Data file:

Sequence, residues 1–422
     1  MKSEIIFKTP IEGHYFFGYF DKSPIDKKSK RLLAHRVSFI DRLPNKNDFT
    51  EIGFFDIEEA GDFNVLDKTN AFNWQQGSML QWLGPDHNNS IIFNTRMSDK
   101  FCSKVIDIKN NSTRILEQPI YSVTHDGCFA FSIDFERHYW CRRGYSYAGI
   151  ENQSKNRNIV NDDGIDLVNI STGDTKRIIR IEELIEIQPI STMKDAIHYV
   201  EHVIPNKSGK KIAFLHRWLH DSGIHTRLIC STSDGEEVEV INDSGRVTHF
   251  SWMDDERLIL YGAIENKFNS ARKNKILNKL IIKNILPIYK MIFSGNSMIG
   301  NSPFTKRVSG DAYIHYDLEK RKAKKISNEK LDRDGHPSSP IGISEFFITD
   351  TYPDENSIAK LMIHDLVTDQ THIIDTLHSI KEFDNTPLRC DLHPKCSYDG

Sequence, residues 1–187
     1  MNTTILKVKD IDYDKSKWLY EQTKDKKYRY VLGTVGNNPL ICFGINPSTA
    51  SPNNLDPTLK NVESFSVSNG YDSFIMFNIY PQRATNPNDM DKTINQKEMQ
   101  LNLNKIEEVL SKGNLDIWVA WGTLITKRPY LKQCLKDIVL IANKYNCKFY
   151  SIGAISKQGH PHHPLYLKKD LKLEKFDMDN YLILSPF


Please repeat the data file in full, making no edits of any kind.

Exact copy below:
Sequence, residues 1–422
     1  MKSEIIFKTP IEGHYFFGYF DKSPIDKKSK RLLAHRVSFI DRLPNKNDFT
    51  EIGFFDIEEA GDFNVLDKTN AFNWQQGSML QWLGPDHNNS IIFNTRMSDK
   101  FCSKVIDIKN NSTRILEQPI YSVTHDGCFA FSIDFERHYW CRRGYSYAGI
   151  ENQSKNRNIV NDDGIDLVNI STGDTKRIIR IEELIEIQPI STMKDAIHYV
   201  EHVIPNKSGK KIAFLHRWLH DSGIHTRLIC STSDGEEVEV INDSGRVTHF
   251  SWMDDERLIL YGAIENKFNS ARKNKILNKL IIKNILPIYK MIFSGNSMIG
   301  NSPFTKRVSG DAYIHYDLEK RKAKKISNEK LDRDGHPSSP IGISEFFITD
   351  TYPDENSIAK LMIHDLVTDQ THIIDTLHSI KEFDNTPLRC DLHPKCSYDG

Sequence, residues 1–187
     1  MNTTILKVKD IDYDKSKWLY EQTKDKKYRY VLGTVGNNPL ICFGINPSTA
    51  SPNNLDPTLK NVESFSVSNG YDSFIMFNIY PQRATNPNDM DKTINQKEMQ
   101  LNLNKIEEVL SKGNLDIWVA WGTLITKRPY LKQCLKDIVL IANKYNCKFY
   151  SIGAISKQGH PHHPLYLKKD LKLEKFDMDN YLILSPF